Military missions for celebs ‘could not have been more realistic’
By LORI RACKL TV Criticemail@example.com August 12, 2012 6:15PM
Nobel Peace Prize winner Desmond Tutu protests NBC's new reality show "Stars Earn Stripes" saying that military maneuvers are not athletic competition.
‘STARS EARN STRIPES’
Two-hour premiere 7 to 9 p.m. Monday on WMAQ-Channel 5, followed by episodes from 8 to 9 p.m. Mondays until the two-hour finale Sept. 3.
Updated: September 14, 2012 6:05AM
Just how tough is NBC’s new show, “Stars Earn Stripes,” where celebrities compete in challenges that mimic military missions?
It made undefeated world boxing champ Laila Ali cry.
Former NFL player Terry Crews almost drowned.
Four-time Iron Dog snowmobile race winner Todd Palin came home covered with bumps and bruises, prompting his wife, Sarah Palin, to declare it more brutal than politics.
“Stars Earn Stripes” is so tough, it even led to an unlikely casualty on another NBC show. “America’s Got Talent” judge Sharon Osbourne announced she’s quitting that gig, claiming the network discriminated against her son, Jack, by not casting him on “Stars Earn Stripes.” Jack Osbourne, 26, was recently diagnosed with multiple sclerosis and told TMZ on Sunday, “The show is probably gonna suck anyway.”
Co-executive producer David Hurwitz (“Fear Factor”) told reporters that Osbourne didn’t make the final line-up of stars because “the rigors of the show were too intense for him.”
“The show is by far … one of the biggest, most dangerous, explosive shows that’s ever been put together,” said Hurwitz, whose producing partners include reality TV guru Mark Burnett and “Law & Order” creator Dick Wolf.
It’s also ripe fodder for a drinking game: Take a swig every time the stars say they have “a new appreciation” for the military. You’ll need a big bottle.
Described as “an unapologetic thank you and love letter to men and women in uniform” (not to mention one heckuva recruitment ad), the program is hosted by retired Gen. Wesley Clark and Samantha Harris (“Dancing With the Stars”). It pairs eight celebs with special operatives from the U.S. Army Delta Force, Green Berets, Navy SEALs, Marines andpolice.
In addition to Ali, Crews and Palin, the star roster includes Superman actor Dean Cain, “The Biggest Loser” trainer Dolvett Quince, Olympic skier Picabo Street, WWE diva Eve Torres and ex-98 Degrees singer Nick Lachey, who jokes that “nothing prepares you for battle like a boy band.” At least I think he was joking.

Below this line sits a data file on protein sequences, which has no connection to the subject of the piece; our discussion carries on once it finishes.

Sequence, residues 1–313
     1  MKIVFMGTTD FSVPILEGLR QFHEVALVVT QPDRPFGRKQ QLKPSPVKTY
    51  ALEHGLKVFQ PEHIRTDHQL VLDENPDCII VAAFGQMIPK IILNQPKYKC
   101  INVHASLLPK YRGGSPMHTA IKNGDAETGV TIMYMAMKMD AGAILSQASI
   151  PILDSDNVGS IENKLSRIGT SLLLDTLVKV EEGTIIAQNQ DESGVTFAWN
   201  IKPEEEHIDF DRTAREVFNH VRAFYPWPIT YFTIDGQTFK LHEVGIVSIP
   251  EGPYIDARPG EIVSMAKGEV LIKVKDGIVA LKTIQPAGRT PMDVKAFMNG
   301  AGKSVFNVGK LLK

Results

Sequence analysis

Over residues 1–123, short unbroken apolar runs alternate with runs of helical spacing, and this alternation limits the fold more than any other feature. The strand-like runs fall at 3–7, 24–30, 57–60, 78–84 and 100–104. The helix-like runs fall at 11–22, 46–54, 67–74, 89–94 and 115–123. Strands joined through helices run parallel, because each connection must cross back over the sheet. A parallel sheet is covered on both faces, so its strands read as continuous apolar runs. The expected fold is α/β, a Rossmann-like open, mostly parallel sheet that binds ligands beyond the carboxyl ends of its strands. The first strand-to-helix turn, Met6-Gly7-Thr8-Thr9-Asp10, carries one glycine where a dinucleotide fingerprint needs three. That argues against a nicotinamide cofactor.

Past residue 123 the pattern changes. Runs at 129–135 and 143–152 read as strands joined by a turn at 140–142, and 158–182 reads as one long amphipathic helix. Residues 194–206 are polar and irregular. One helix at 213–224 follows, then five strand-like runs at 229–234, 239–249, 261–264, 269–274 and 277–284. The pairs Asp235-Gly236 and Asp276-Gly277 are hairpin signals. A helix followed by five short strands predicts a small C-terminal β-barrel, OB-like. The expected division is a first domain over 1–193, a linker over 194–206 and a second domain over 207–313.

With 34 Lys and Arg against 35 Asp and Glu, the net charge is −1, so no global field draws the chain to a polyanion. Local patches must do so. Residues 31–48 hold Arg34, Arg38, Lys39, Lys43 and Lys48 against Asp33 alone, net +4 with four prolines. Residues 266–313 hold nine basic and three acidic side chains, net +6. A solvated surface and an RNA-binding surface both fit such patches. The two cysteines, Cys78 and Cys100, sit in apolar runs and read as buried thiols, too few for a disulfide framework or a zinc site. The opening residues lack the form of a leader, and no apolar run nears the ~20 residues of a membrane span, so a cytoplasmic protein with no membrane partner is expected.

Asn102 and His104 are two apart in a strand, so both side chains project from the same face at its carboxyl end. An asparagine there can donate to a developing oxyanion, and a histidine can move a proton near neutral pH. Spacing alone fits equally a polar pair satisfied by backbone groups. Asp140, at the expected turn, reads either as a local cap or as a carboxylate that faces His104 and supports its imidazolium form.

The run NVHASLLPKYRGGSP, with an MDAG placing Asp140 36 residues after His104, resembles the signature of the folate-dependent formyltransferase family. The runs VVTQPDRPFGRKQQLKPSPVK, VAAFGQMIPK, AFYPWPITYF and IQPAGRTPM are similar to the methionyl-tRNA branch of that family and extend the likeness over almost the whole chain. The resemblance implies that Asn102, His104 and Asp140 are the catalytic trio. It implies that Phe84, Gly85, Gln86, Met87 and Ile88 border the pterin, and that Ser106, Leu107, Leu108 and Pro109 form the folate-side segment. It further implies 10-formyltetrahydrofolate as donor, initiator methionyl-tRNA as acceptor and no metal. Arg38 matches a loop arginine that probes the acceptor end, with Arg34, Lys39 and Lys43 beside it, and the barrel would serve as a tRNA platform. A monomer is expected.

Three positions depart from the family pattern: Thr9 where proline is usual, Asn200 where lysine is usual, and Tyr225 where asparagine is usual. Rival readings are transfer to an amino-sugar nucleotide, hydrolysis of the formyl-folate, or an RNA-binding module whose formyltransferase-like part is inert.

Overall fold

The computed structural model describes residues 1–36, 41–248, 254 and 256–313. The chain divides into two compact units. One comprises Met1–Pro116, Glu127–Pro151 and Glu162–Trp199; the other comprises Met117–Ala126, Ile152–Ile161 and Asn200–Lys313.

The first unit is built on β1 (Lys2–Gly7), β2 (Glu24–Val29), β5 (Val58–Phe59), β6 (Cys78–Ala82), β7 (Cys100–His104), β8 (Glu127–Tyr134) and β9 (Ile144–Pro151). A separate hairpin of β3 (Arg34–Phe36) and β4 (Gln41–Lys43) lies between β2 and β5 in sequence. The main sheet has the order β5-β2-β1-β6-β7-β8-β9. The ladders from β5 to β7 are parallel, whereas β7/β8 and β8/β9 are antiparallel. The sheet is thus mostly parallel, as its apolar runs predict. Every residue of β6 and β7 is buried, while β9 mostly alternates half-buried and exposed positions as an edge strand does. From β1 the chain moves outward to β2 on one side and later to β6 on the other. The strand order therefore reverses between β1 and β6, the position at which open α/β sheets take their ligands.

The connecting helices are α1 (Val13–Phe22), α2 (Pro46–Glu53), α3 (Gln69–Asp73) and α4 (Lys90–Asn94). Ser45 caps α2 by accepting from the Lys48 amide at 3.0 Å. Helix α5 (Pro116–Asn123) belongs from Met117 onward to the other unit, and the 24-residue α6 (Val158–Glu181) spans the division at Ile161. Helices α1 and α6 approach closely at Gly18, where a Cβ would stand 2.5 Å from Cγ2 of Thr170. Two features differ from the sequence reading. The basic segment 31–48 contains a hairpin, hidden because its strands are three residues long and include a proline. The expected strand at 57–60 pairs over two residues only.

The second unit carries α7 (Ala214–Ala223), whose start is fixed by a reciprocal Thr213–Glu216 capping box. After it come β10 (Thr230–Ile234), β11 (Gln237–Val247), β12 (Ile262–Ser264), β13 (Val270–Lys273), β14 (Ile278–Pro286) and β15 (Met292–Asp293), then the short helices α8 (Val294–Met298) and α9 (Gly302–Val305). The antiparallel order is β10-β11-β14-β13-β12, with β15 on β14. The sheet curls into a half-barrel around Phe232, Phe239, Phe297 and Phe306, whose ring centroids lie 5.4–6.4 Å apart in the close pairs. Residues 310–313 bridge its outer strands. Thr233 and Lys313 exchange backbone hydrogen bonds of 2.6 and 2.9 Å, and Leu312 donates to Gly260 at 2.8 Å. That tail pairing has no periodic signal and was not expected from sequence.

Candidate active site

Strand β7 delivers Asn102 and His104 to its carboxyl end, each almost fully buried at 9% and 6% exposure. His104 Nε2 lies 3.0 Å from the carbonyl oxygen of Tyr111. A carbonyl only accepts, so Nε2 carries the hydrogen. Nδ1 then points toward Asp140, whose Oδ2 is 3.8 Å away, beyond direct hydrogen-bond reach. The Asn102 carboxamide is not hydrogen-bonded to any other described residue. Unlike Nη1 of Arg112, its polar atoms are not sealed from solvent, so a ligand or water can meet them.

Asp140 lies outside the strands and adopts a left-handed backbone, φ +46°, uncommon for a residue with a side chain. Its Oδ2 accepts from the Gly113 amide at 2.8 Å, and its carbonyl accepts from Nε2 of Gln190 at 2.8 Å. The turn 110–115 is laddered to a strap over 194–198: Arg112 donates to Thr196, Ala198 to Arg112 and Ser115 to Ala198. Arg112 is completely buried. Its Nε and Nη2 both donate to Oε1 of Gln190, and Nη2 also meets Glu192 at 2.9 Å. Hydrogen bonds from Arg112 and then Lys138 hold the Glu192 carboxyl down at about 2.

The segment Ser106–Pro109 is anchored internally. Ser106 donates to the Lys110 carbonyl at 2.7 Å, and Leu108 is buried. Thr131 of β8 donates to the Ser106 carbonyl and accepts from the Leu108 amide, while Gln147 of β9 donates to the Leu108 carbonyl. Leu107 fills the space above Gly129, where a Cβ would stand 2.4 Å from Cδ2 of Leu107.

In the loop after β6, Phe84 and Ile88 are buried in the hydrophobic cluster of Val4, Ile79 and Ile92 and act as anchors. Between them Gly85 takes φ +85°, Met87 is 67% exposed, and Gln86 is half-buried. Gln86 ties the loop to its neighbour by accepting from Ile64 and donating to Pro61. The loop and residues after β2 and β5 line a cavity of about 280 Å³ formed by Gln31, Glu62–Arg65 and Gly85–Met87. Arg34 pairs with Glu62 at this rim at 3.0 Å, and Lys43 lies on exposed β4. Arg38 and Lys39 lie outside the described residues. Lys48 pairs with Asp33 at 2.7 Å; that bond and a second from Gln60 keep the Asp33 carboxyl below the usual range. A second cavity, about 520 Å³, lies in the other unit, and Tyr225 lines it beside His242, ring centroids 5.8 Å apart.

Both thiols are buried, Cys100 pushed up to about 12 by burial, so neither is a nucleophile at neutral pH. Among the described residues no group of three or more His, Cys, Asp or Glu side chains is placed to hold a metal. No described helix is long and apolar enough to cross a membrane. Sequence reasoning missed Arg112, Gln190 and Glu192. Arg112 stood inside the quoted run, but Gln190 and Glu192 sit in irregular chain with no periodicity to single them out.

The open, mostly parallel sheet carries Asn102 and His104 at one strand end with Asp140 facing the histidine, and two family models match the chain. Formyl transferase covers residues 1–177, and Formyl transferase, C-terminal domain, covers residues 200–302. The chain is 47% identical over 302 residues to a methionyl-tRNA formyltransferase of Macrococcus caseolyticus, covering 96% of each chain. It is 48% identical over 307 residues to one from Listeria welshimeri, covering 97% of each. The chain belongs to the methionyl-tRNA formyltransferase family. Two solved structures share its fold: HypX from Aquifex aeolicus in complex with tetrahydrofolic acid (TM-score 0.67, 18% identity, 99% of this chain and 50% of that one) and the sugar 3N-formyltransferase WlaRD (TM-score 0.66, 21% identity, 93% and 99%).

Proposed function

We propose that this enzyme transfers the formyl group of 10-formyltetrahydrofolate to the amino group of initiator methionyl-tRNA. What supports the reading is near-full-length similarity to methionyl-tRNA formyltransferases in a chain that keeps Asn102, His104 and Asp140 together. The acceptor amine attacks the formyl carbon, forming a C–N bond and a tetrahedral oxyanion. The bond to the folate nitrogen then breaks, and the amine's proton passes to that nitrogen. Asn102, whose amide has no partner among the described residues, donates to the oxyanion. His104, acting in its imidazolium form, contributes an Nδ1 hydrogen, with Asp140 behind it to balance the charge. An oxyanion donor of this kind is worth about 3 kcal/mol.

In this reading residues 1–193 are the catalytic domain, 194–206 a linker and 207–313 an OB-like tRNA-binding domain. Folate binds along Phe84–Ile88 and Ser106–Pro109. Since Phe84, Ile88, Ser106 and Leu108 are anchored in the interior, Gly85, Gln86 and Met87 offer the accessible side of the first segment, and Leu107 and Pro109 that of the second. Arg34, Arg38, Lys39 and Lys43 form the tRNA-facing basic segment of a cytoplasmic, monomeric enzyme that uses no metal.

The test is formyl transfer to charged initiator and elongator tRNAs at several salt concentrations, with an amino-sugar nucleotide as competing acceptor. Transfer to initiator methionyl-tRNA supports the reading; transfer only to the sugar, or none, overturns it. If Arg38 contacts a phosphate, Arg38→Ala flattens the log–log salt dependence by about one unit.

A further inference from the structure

Teams are stationed at a remote training facility where they face off in simulated military missions — plunging out of helicopters, shooting machine guns loaded with live ammo, rappelling down walls and blowing up a lot of stuff.
“Coming into this, I thought it was going to be the same old corny military show where they’ve got the obstacle courses and BB guns or little soft toy guns, water guns and whatnot,” said St. Louis native Grady Powell, a former Green Beret who now admits his initial assessment was way off base. “There’s explosions everywhere. There’s dirt in your eyes.”
Former SEAL Brent Gleeson added, “It could not have been more realistic. In real-world combat scenarios, you’re given a mission brief. You have some of the information — not all of the information — just like on the show. You have some time to train but not enough. And just like in real life … things change, whether it’s a man going down or a weapon jamming or the target not being exactly like you had planned.”
Things got a little too realistic for Crews.
“I’m 5 percent body fat; well, that don’t work swimming … especially when you put 70 pounds of equipment on,” said Crews, a Michigan native who dove into acting after hanging up his football helmet.
Crews said his body simply gave up while he was in the water. One of the special ops had to pull him to safety.
“If this was a real live operation, I would have died,” Crews said. “It gave me a whole new appreciation for what our armed forces do for us.”
And that’s what convinced a former presidential hopeful and four-star general to join the ranks of reality TV hosts.
“The purpose of it was to really showcase and honor our men and women in uniform,” the Chicago-born Clark said. “Everybody says the armed forces is one of the great institutions of America. But so many young Americans don’t have any direct connection to it. And this show, through reality TV — which is what young people watch and identify with — makes that connection.”
Todd Palin, whose family is becoming as much of a fixture on reality TV as the Kardashians, said he did the show for similar reasons — and for charity. Winning contestants get stripes that translate into donations for various veteran and first-responder non-profits.
For Palin’s son Track, military challenges are the stuff of reality, not reality TV. Track, who enlisted in the U.S. Army, is deployed in Afghanistan.
What did he think about his dad playing soldier?
“He’s always up for a good laugh,” Palin said, “so he encouraged me to do it.”
A good cry was what Laila Ali ended up having during one of the challenges. Muhammad Ali’s pugilistic progeny turned on the waterworks when she had to rappel down a steep wall.
“I didn’t even expect that I was going to get as scared as I did,” Ali said. “I don’t like to put my life in other people’s hands. I started thinking, ‘Why am I doing this?’ That’s when the tears started pouring.”
Crews agreed that some of the toughest missions weren’t physical as much as mental.
“You’re on the edge of that helicopter about to jump,” he said. “Everything in your body and in your mind says don’t do it. You have to beat that.
“I’m totally changed,” he added. “From the moment I started the show to the last day, I am a different person.”
A different person with a new appreciation for the armed forces.